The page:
I am not a mechanism, an assembly of various sections.
And it is not because the mechanism is working wrongly, that I am ill.
I am ill because of wounds to the soul, to the deep emotional self
and the wounds to the soul take a long, long time, only time can help
and patience, and a certain difficult repentance
long, difficult repentance, realization of life’s mistake, and the freeing oneself
from the endless repetition of the mistake
which mankind at large has chosen to sanctify. – D.H. Lawrence
Obesity is commonly understood as an illness. Here I want to superimpose an interpretation of Lawrence’s poem that may not be accommodating of his intention but I think there is room in his obscure language to make this available.
If as in a Cartesian sense the body is a machine, it makes sense to think that there must be possible to arrive at the idea of optimally running machine. Obesity from the point of view of optimum mechanical efficiency should be considered as an illness. But Lawrence is actually trying to reframe the idea of illness. Here illness is connected not to an improper function of the body/machine. Illness is connected to ‘wounds to the soul’ which he suggests take a ‘long, long time’ to recover from. So then obesity is not an illness of the body but of the soul. This is even worse. This turns into: “I am obese – I have an ill soul.” This is a short step away from: “You are obese – you are a bad person!” But something else is available here in Lawrence.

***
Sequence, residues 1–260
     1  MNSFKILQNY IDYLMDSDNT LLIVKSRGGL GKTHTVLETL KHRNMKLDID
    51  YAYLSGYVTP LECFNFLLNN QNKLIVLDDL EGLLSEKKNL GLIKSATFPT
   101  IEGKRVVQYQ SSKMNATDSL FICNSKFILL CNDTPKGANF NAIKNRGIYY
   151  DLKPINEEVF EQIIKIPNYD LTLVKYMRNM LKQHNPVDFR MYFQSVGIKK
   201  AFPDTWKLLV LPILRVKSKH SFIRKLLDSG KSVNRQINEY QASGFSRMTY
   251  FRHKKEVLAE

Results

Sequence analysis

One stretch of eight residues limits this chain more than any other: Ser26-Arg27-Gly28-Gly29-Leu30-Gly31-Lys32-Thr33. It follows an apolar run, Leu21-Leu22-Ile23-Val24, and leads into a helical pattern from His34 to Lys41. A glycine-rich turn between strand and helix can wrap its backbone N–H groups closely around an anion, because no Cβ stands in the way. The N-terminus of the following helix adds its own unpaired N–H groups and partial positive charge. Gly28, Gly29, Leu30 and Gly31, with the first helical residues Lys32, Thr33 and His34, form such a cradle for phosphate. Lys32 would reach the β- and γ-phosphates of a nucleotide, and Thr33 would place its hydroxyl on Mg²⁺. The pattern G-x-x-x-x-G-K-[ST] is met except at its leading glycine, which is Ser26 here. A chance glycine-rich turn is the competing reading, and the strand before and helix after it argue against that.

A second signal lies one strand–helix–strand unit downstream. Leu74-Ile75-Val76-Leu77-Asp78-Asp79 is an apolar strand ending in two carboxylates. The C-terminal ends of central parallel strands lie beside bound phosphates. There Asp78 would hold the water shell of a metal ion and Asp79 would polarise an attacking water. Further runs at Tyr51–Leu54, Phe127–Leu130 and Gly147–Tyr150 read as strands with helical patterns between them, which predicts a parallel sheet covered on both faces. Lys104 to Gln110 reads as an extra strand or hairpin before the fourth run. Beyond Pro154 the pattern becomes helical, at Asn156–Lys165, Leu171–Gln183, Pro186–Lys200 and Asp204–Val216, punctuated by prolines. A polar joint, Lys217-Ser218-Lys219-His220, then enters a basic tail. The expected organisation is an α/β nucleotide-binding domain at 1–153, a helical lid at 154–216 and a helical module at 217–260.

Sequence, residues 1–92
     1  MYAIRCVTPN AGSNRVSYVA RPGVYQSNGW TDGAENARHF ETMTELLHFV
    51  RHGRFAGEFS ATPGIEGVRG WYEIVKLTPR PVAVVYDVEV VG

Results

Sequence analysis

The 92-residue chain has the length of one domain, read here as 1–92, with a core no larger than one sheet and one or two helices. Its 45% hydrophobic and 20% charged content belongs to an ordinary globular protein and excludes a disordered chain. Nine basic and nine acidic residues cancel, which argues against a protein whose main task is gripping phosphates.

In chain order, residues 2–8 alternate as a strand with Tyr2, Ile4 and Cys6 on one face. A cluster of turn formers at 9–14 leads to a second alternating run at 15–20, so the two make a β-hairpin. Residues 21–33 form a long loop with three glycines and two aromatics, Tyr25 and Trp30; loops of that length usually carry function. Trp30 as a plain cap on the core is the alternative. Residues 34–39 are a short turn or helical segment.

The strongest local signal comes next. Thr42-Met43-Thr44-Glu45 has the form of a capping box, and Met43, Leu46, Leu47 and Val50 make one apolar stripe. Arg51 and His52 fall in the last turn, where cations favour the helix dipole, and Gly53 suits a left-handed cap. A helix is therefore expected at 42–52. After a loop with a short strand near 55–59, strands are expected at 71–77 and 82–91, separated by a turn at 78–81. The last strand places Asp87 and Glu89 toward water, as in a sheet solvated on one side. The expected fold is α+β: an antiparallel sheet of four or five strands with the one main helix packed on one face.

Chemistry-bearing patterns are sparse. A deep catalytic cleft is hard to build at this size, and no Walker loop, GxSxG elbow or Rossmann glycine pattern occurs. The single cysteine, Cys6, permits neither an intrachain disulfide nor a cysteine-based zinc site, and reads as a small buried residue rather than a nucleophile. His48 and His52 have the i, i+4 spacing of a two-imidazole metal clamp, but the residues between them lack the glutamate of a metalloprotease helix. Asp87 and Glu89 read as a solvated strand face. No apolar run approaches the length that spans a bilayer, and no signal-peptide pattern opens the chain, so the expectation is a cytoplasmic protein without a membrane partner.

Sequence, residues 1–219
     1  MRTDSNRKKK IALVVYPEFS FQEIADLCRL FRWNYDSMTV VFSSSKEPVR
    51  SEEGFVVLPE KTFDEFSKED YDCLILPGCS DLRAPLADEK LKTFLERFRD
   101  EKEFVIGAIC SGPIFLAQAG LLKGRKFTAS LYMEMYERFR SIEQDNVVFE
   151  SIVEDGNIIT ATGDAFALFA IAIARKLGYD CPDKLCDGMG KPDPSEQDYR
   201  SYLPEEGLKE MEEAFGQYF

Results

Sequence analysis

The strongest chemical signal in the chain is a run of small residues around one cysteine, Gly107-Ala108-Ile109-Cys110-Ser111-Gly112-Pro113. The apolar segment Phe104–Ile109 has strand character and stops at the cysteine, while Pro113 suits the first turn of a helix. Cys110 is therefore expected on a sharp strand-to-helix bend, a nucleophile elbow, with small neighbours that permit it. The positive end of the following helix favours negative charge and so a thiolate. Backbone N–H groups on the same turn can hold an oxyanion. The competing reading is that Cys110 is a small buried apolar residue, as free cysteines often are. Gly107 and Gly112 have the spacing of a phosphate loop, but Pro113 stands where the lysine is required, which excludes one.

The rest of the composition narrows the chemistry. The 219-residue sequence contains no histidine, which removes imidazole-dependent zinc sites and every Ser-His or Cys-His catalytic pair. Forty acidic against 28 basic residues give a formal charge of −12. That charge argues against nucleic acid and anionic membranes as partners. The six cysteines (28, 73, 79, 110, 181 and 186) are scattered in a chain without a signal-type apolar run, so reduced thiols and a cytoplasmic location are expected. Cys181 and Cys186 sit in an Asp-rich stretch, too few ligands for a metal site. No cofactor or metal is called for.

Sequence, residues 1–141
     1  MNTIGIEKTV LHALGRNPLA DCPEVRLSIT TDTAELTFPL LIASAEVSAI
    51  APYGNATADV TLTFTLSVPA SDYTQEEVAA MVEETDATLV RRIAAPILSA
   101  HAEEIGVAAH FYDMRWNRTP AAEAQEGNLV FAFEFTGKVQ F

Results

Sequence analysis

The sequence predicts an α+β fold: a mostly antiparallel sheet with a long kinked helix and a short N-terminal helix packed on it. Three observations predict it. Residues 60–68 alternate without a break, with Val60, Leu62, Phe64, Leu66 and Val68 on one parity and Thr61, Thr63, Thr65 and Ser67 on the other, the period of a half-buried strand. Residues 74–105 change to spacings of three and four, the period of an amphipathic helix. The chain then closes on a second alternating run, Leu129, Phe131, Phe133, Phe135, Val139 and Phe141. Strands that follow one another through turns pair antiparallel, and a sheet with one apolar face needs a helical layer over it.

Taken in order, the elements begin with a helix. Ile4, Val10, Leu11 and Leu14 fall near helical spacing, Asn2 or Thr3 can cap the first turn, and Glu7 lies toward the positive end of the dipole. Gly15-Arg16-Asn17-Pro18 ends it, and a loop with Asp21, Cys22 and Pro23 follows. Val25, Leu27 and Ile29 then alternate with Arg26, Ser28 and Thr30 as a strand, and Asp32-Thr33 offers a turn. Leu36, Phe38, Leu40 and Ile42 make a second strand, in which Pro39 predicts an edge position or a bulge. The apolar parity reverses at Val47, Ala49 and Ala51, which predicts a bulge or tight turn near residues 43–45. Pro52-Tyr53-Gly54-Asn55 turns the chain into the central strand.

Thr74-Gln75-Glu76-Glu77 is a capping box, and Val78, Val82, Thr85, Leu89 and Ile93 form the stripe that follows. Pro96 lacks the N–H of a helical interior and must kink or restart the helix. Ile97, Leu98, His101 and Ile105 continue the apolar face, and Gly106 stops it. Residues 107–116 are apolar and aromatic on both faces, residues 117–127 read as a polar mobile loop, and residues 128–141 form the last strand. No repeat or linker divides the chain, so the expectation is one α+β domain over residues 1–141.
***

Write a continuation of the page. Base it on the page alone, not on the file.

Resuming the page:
He suggests that these soul wounds require a ‘certain difficult repentance…of life’s mistake’. So perhaps if you are obese Lawrence would say that all one needs to do is repent of your mistakes – not of the body but of the mind and soul. So far we have covered the dominant rhetoric of the plenty of the weight loss as self-help programs (i.e. Weight Watchers, Weigh Down Diet, even Curves). Think right – eat right – be thin -they tell you. But it is also the ‘freeing oneself from the endless repetition of the mistake which mankind at large has chosen to sanctify.’ So what is this socially sanctified mistake that Lawrence is talking about? It is quite possible that Lawrence had a specific social problem in mind that was systematically opposed to healing. But he seems to have avoided being too direct in his accusation. As a result the poem is open for this: the endlessly repeated mistake that individuals must free themselves from is nothing less than seeing the body as a mechanism.
Perhaps if the body isn’t a mechanism then we can stop moralizing the body. Maybe we can stop using the body as a marker to determine which individuals are evil and which one’s are good. Maybe a better idea of illness can be recaptured. Maybe the common judgement of lazy, gluttonous, dirty, or careless can stop being the moral tags affixed to bodies that stand outside of the arbitrary way we have thought the typical body should look.
disclaimer: I am not in anyway trying to be an apologist for Lawrence. I doubt there is much of his ideological perspective I could endorse.